Professionally developed tools such as the Motivation Self-Assessment Worksheet developed by Henryk Krajewski, vice-president of Toronto-based Anderson Leadership Group, are also highly effective for managers to determine employee’s top motivators (such as achievement, affiliation, autonomy, power, security or intellectual stimulation).

Giving employees reasons to stay

Once you get to know your employees, it’s easier to tailor successful strategies to motivate them. Keeping in mind what drives individual attitudes, behaviour and outcomes, here are some talent management practices to increase engagement, satisfaction and retention:

• Provide training and coaching for managers to enhance their ability to motivate and inspire employees which, in turn, will help improve engagement scores. This is critical since managers have such a direct impact on engagement.

• Support employee development at all levels of the organization. Provide learning and mentoring opportunities and a culture with regular, ongoing discussions about career paths.

• Ensure employees receive the regular coaching and constructive feedback they need to direct their work and improve performance. Make sure managers have the skills to do that effectively.

• Ensure all employees have clear goals aligned with the organization’s high-level goals.

• Put a succession planning program in place to give high-performing, high-potential employees opportunities for development and career progression.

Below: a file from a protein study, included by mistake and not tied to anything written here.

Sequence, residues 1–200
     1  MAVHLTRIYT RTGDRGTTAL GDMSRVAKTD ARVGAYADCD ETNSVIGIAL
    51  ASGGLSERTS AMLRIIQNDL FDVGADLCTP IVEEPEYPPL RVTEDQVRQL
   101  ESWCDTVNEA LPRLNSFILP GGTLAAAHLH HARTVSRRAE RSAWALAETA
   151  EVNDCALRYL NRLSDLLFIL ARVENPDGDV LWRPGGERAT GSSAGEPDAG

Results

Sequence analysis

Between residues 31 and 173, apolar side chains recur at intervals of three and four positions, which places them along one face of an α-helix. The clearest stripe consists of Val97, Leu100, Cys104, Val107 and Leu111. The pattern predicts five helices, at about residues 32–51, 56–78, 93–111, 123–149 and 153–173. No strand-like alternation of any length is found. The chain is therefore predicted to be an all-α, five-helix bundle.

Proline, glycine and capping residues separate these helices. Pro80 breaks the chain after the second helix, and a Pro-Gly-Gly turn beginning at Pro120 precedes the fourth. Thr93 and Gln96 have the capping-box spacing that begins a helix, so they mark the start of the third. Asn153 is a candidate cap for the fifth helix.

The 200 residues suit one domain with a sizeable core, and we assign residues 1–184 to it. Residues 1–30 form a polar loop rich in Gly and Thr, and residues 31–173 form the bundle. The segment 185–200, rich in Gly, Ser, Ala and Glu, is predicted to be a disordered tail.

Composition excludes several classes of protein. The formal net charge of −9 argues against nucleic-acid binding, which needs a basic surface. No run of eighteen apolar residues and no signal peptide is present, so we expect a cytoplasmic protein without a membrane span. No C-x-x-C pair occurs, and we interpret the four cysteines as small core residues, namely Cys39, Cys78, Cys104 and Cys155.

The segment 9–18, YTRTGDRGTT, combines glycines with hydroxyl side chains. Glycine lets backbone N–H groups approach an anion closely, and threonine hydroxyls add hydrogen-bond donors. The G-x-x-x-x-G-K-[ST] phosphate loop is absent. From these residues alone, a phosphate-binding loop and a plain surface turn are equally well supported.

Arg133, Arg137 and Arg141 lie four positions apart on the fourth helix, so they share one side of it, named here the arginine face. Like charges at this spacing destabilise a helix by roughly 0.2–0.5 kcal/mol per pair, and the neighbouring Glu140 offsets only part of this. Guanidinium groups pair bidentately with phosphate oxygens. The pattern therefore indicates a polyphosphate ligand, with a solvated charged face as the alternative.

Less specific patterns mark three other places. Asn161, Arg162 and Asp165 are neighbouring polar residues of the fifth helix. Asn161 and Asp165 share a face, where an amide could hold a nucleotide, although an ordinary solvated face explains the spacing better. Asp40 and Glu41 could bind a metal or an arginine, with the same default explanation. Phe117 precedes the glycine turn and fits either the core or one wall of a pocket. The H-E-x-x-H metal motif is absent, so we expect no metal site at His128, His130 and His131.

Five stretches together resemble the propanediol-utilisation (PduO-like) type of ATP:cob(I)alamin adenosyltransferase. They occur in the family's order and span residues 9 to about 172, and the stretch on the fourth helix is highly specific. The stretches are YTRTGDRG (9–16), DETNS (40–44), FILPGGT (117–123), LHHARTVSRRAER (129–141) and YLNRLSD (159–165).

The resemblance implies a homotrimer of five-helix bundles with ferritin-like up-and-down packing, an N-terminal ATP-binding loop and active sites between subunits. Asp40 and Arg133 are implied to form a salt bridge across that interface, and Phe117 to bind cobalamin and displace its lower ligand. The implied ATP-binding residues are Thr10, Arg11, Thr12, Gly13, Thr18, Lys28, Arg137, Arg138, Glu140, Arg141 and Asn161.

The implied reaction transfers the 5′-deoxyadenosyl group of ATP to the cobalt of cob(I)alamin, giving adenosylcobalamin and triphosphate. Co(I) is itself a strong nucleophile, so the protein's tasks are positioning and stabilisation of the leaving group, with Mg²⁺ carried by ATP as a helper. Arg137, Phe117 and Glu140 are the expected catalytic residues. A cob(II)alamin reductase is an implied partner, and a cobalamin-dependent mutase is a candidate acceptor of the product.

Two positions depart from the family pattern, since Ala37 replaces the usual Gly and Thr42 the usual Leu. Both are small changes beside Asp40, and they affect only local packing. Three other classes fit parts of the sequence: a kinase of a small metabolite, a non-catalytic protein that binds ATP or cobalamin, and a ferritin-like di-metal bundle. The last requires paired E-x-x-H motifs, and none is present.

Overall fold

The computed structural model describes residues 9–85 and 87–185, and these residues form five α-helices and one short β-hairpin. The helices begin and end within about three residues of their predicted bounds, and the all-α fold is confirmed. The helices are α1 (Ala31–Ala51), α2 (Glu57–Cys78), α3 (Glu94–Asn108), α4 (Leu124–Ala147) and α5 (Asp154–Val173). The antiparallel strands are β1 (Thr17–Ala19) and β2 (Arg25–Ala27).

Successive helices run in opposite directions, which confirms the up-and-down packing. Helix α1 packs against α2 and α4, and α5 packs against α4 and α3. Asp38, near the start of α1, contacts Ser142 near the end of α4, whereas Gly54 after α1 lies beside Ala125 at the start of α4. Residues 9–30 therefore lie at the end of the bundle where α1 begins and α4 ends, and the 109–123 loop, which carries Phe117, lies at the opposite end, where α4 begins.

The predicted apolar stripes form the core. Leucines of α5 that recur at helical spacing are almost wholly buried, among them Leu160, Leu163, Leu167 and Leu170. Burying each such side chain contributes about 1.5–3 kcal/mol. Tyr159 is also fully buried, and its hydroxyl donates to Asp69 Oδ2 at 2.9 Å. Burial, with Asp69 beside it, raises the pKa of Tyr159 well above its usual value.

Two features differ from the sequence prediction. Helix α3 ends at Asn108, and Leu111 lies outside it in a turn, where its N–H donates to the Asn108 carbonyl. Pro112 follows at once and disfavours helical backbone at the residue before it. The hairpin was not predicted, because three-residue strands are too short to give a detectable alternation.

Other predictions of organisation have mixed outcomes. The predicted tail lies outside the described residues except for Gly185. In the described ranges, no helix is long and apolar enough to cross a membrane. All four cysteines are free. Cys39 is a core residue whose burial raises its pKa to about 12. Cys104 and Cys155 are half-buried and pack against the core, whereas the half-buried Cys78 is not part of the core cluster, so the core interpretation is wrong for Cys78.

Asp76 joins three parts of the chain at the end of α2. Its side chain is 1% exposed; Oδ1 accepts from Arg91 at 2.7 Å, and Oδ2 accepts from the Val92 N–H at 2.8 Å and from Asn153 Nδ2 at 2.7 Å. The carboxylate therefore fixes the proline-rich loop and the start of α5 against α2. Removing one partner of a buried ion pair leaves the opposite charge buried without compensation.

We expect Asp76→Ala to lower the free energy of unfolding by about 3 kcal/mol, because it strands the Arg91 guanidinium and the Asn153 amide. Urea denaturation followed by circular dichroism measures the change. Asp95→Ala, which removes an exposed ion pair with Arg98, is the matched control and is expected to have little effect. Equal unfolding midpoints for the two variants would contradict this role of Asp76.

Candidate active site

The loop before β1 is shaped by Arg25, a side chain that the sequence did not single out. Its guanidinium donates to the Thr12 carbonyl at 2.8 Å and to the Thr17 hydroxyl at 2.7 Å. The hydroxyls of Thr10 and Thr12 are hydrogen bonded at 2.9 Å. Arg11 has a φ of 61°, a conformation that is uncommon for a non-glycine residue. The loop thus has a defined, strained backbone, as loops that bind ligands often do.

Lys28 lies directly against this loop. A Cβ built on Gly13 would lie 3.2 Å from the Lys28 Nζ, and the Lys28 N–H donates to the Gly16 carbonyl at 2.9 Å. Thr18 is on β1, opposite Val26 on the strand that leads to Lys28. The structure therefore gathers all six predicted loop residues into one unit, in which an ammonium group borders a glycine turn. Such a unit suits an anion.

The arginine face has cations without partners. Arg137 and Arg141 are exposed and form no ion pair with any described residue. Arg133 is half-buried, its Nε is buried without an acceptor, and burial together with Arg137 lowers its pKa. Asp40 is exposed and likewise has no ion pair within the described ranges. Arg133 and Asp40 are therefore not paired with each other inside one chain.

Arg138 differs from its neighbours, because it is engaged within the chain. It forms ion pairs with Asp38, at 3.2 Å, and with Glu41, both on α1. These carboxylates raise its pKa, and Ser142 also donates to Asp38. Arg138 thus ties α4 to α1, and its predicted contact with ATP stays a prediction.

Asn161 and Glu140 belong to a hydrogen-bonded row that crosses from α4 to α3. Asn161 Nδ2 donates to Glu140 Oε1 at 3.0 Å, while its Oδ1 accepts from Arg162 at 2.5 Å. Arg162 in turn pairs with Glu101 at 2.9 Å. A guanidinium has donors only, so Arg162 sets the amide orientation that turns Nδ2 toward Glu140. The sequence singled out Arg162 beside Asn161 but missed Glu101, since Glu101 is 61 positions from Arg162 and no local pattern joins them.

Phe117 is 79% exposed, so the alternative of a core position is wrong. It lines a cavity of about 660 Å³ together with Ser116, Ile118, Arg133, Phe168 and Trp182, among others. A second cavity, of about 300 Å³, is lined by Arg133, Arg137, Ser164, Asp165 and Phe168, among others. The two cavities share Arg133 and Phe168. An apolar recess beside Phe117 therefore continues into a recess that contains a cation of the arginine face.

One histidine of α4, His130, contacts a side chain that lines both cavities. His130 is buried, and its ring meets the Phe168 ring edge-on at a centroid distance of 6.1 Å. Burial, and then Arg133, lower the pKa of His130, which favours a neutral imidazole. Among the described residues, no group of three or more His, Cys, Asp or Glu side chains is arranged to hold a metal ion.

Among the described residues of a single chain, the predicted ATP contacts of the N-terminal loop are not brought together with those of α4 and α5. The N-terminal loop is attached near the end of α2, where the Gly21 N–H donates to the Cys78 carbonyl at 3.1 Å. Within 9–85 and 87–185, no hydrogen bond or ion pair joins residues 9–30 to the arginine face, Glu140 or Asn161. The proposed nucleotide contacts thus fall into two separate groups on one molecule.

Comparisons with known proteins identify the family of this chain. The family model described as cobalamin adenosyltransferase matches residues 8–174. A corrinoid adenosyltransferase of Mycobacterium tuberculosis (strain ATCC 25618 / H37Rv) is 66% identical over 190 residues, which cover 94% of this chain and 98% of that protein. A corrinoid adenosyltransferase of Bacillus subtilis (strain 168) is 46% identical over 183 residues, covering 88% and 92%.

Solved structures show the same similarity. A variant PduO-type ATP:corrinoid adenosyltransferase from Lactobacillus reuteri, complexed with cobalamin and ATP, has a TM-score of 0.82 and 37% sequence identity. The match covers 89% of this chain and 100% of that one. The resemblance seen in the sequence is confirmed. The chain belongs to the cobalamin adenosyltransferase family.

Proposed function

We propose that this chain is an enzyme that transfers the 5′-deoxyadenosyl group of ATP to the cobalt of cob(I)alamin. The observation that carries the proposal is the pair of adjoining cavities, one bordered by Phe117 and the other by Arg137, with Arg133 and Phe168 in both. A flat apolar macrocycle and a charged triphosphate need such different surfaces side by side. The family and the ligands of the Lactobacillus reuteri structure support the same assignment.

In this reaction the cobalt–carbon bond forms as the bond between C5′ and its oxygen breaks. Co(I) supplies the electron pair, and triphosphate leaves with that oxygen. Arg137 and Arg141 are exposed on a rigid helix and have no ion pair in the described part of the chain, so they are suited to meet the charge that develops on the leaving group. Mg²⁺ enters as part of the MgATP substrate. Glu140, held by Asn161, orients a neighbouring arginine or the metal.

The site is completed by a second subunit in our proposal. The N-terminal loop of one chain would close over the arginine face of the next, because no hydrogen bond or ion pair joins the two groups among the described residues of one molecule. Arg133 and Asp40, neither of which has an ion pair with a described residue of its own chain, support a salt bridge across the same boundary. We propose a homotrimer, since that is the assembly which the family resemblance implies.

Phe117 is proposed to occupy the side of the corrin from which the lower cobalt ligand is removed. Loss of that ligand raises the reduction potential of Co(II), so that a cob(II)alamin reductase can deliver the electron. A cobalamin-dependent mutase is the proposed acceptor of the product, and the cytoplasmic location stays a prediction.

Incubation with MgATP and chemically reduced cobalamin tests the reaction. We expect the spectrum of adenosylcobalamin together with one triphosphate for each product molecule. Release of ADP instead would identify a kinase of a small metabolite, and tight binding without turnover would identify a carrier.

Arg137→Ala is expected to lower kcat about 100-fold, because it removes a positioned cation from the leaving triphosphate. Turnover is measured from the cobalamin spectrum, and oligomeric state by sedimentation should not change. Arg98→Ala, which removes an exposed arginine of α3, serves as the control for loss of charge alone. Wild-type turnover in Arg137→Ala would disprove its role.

Sean Conrad is a senior analyst at talent management vendor Halogen Software in Ottawa. He can be reached at sconrad@halogensoftware.com or, for more information, visit his blog at www.halogensoftware.com/blog or www.halogensoftware.com.


Tip for leaders

Engagement success stories

Are engagement strategies really effective? Many Canadian employers that have taken a proactive approach to talent management have witnessed a direct link to improved employee engagement.

Sun-Rype Products: After implementing a development-focused approach to performance management as part of an overall talent management strategy, fruit product manufacturer Sun-Rype saw an increase in employee engagement and a subsequent decline in employee turnover. Turnover rates decreased from 20 per cent to four per cent.

“People feel really good about what they do and what they contribute knowing there are a lot of different promotions and leadership roles that have evolved through our leadership development program, which is part of our performance management and career development approach,” says Michelle Reid, HR manager at Sun-Rype in Kelowna, B.C.

“Sixty-four per cent of the company’s leadership positions are now held by individuals promoted from within.”

Bell Aliant: When Bell Aliant implemented a new approach to talent management, the company experienced a cultural shift in terms of corporate-wide communication and performance-based coaching.

“Open communication is the key trait, improved performance-based coaching is the key outcome. Every single employee has goals and understands what they’re supposed to do — and how their work connects with our overall strategy at Bell Aliant,” says Alana Patterson, vice-president of HR at Bell Aliant in Halifax.

“Additionally, they’re having conversations about their goals, regularly,”

AGF: AGF has provided employees with a greater sense of where the organization is heading and how everyone contributes to helping it achieve its corporate goals with talent management programs.

Employees are now more focused on the achievement of their business unit’s goals and have an understanding of what they are working towards and why it is important.

“By linking employee goals to overall corporate objectives everyone understands what they need to achieve on a day-to-day basis so AGF can meet its strategic objectives,” says Leena Malik, director of organizational development at AGF in Toronto.

Source: Halogen Software